Jul 062017

How Good Is It?

I am consistently unable to remember the existence of Thunderball. Unless I have recently seen it, if asked to list the Connery Bond films I will omit it and it will take me hours or days to figure out what the missing one is. Due to an unusual rights situation it is the only Bond movie to have been remade (as Never Say Never Again) and a second remake (as Warhead 2000 or some such) was in the works as late as the mid-2000s. Needless to say, Thunderball isn’t really interesting enough to deserve it.

The overall plot is based on the recurrent Cold War worry of an elaborate theft of a nuclear warhead (nowadays, of course, we worry more that someone will just sell a warhead for a nice dacha and a pack of cigs). The execution of the theft is nicely laid out and chilling, but unflatteringly set against a semi-comic episode of Bond hanging out in a rehab facility and antagonizing a criminal aristocrat. The group responsible for the warhead theft is SPECTRE, still regularly killing off its high-ranking members.

Thanks to the absurd coincidence of his earlier encounter, Bond decides to follow up on the sister of the dead man he saw by accident. Incredibly, this works out to his advantage and he quickly finds the villainous Largo, who is the brains behind the scheme. The whole story is like this, and seems to have no impetus other than coincidence. Neither Bond nor anyone else seems to exert any real control over events.

As a piece of visual media, a major problem with Thunderball is that so much of it takes place underwater. This provides a few striking visuals, particularly the underwater commandos descending in formation to attack Largo’s men, but the fights beneath the waves have serious problems. The close-in scrums are impossible to follow, all bubbles and black rubber thrashing around, while the larger battle at the climax of the film is repetitive and never seems to end. That final battle is particularly poorly edited, to boot, so one never gets a sense of which way the fight is turning. At one point it seems to just end by directorial fiat. With a little restraint this stuff might have turned out okay but it just goes on and on well past the point when Bond’s teensy little rebreather should have given out.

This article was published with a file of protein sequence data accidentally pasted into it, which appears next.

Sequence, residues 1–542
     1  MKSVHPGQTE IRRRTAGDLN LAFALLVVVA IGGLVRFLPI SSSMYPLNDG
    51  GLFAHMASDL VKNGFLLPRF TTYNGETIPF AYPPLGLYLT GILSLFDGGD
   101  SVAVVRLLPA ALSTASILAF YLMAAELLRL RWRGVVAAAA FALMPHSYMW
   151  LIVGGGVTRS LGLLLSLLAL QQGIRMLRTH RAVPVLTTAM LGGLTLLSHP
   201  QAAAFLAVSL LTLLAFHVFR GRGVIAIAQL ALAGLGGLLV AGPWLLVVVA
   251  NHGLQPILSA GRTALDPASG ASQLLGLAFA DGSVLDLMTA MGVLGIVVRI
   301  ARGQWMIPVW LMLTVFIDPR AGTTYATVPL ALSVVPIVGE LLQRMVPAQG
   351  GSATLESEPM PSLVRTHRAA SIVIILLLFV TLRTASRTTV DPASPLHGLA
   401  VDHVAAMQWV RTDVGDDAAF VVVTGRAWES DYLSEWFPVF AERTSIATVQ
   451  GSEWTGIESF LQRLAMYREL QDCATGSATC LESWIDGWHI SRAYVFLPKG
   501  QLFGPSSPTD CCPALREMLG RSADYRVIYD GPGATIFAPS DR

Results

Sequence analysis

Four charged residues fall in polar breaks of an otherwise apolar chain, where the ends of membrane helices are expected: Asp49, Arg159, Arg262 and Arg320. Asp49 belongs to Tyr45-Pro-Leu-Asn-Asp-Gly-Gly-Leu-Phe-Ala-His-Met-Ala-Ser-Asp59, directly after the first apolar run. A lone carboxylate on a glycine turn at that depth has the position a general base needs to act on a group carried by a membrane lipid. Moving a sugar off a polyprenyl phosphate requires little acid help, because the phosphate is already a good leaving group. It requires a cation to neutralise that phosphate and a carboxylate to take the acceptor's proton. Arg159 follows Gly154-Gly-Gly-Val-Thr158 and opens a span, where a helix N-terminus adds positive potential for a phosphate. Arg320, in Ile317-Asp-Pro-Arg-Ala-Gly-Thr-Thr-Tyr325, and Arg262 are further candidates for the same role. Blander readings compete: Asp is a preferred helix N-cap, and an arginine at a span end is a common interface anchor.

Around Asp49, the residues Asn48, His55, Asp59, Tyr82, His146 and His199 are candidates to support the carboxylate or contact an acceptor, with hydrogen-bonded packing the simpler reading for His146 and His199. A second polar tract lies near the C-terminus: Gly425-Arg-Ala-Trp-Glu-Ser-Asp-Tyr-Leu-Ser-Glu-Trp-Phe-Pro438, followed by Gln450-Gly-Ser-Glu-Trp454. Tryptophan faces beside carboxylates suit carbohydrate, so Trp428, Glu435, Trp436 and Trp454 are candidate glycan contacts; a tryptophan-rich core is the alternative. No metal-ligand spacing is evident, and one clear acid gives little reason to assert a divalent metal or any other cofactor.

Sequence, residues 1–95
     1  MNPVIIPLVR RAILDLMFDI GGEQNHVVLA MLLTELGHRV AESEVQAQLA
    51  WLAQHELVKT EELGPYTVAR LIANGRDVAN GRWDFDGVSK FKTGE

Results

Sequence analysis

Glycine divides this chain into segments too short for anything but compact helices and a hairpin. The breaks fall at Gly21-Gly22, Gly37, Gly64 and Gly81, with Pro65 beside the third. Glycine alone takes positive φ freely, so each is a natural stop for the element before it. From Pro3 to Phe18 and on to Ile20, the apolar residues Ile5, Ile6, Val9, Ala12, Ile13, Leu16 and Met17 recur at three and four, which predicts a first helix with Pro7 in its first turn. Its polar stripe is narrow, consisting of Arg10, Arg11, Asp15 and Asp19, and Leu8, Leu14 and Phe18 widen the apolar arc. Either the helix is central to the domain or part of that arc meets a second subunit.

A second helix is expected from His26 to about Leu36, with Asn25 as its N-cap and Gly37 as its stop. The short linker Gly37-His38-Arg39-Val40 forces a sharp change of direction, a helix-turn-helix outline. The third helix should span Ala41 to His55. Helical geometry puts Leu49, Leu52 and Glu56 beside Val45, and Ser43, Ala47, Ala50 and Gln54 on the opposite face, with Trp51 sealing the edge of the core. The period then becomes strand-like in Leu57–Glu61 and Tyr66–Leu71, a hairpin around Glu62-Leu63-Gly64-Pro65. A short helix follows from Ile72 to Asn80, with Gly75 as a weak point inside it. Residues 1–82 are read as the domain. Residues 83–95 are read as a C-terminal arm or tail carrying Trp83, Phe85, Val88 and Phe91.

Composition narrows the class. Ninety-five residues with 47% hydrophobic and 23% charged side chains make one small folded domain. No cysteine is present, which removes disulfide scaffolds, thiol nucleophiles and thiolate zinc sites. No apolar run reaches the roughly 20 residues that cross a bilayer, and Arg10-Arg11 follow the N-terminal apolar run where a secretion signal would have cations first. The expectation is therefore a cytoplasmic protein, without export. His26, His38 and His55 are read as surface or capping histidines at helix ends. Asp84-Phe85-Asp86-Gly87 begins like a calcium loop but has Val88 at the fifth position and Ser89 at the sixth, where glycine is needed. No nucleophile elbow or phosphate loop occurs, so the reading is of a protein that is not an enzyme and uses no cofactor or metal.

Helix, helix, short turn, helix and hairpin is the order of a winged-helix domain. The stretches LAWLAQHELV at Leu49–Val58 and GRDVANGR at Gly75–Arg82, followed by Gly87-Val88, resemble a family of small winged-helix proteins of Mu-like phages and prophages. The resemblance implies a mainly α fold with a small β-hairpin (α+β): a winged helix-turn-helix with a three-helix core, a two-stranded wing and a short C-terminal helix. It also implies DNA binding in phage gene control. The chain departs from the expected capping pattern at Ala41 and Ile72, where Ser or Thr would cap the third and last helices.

Several of the fights outside of the water break down in a jumble too. Bond’s escape from Palmyra is silly (nobody stayed up at the shark pool?), and the final fight on the yacht’s bridge is just a mess. The film’s logic also breaks down in the case of Bond’s leg injury, which is a big deal in the Junkanoo scene and then simply gone for the rest of the film. Especially considering the hyperspliced jittercam bullshit that’s taken over the genre, Thunderball is not a terrible action film, but it’s not shot anywhere near as well as Goldfinger.

How Gross Is It?

Early in Thunderball Bond kisses a nurse against her will and then blackmails her into a sexual encounter. Per the spirit of the times, she is later a willing sexual partner. Two women get tortured, one onscreen and the other committing suicide. At least Fiona Volpe calls Bond out on his shit later. Too bad that speech had to come from a villain. Anyway the overall treatment of women is really terrible in this film, a theme that will be recurring.

How’s The Song?

Despite having a pretty decent fanfare, “Thunderball” the song has a lumpy, stentorian tune and the lyrics are junk. It’s a shameful waste of Tom Jones.

Sorry, the comment form is closed at this time.